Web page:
1) spotted seatrout and red drum,
2) no preference,
3) spotted seatrout,
4) red drum,
5) spotted seatrout, red drum and flounder,
No, that's not my Christmas wish list; it's the top five responses to the question, "What kind of fish were you fishing for on today's trip?" That's one of the questions Texas Parks & Wildlife Department (TPWD) staff ask on angler surveys (Figure 1). These particular data represent non-charter private boat anglers who fished in bays and passes. Nothing too surprising here; trout, reds and flounder, the "grand slam", are the most popular bay fish along the Texas coast. These top four responses represent 92% of all responses from this type angler.
From these same angler survey data it can be seen that the three fishes most often targeted are indeed landed in large numbers (Figure 2). Tops in coastal landings are spotted seatrout. That's expected because of their popularity and a 10-fish bag limit. Second are red drum (three fish limit), followed by sand trout (no bag limit), Atlantic croaker (no bag limit), southern flounder (ten fish limit), sheephead (five fish limit), and black drum (five fish limit). No surprises here either, most of these species are seen regularly at the cleaning tables.
What is not immediately recognizable in the survey data is what many of these fishes have in common. Four of the top five 'species sought' responses are occupied by spotted seatrout and red drum, members of the same family, sciaenidae (sci-an-a-dee; from the Greek sciaen meaning "sea fish" and the Latin idae used to denote family names), the drum or croaker family.
Similarly, five of the top seven fish seen during angler surveys are from the same family; spotted seatrout, red drum, sand seatrout, Atlantic croaker, and black drum. Even more surprising is the proportion of all landings represented by these five fish: 74%! In other words three out of every four fish landed from Texas bays by non-charter sport anglers are sciaenids. Bone remains found in Indian middens indicate that red drum, spotted seatrout, Atlantic croaker, black drum, and other species were also enjoyed by native Texans thousands of years ago. Sciaenidae is definitely the first family of Texas saltwater fishing.
There is more to this family of fish than can be seen at the cleaning table. H. Dickson Hoese and Richard H. Moore, authors of a popular fish identification text, list 19 members of the sciaenid family occurring in our area. Of these 19 species 4 are apparently very rare in state waters, and the TPWD database contains only 16. In addition to those in our area already listed above, this family includes silver seatrout, southern whiting, Gulf kingfish, northern whiting, sand drum, banded drum, silver perch, star drum, cubbyu, reef croaker, spotted drum, and jackknife fish. The last three species are not present in the TPWD database of fish that have been collected during sampling. Photos and descriptions of many of these fish can be seen online at www.fishbase.org or in the Hoese and Moore text (H. D. Hoese and R. H. Moore. 1998. Fishes of the Gulf of Mexico: Texas, Louisiana, and Adjacent Waters. Texas A&M University Press).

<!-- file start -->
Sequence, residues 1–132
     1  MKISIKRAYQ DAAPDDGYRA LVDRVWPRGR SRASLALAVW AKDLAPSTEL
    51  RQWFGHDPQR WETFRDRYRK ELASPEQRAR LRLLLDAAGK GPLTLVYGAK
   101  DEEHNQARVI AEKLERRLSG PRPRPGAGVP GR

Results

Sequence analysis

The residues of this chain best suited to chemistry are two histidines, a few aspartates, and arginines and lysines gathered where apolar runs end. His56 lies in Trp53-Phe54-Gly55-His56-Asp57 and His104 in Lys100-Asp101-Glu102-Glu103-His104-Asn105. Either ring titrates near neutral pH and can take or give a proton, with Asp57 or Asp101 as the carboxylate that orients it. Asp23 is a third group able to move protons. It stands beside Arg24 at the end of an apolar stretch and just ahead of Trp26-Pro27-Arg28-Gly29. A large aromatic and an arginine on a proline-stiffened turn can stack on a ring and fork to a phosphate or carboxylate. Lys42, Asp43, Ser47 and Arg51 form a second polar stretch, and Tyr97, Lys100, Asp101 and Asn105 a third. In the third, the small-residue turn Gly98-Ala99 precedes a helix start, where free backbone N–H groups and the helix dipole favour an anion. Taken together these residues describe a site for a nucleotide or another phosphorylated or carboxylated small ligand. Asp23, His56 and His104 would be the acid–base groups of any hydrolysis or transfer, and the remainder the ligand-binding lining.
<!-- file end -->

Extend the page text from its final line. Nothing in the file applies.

Despite being present in our area several of these sciaenids are seldom seen by anglers because of their size, where they live, or their rarity. These include spot, sand drum, northern whiting, star drum, banded drum, cubbyu, jackknife fish, reef croaker, and spotted drum. Some of these species are so uncommon many biologists seldom see them. Spot are common in the bays and move out in the fall with Atlantic croaker and southern flounder. Star drum and banded drum are common in the Texas Territorial Seas (Gulf state waters from the beach out to 9 nautical miles), and in bays near passes and jetties. Finally, there is one member of the family found in Texas freshwaters, the freshwater drum, or gasper goo. "Goo" are native to North and Central America where they are found in both rivers and lakes.
Other prominent members of this family not native to Texas waters are found on both the Atlantic and Pacific coasts. Weakfish, a close relative of spotted seatrout, inhabit the waters off the east coast while corvina, another close relative of spotted seatrout, can be found off the eastern Pacific coasts of the United States and Mexico. Both of these species are prized sportfish. Corvina have also been introduced into The Salton Sea, a saline lake in southern California, and in Calaveras Lake near San Antonio. They are no longer found in Calaveras Lake but The Salton Sea remains a destination for anglers seeking this fish.
You have now been introduced to the sciaenid family tree. In the coming months and years, as you pursue your favorite catch, make it your business to become familiar with as many varieties of sciaenids as you can. They are an important piece of the ecological puzzle in Texas bays. And, although sciaenidae is a large family with more species in our area than any other family, it is only one family; there are many other family's that contribute to the rich marine endowment we Texans enjoy. The more you know about this environment and its inhabitants, the more enjoyable your trips on the bay will be. Enjoy your holiday fishing and be safe on the bay.
1) spotted seatrout and red drum,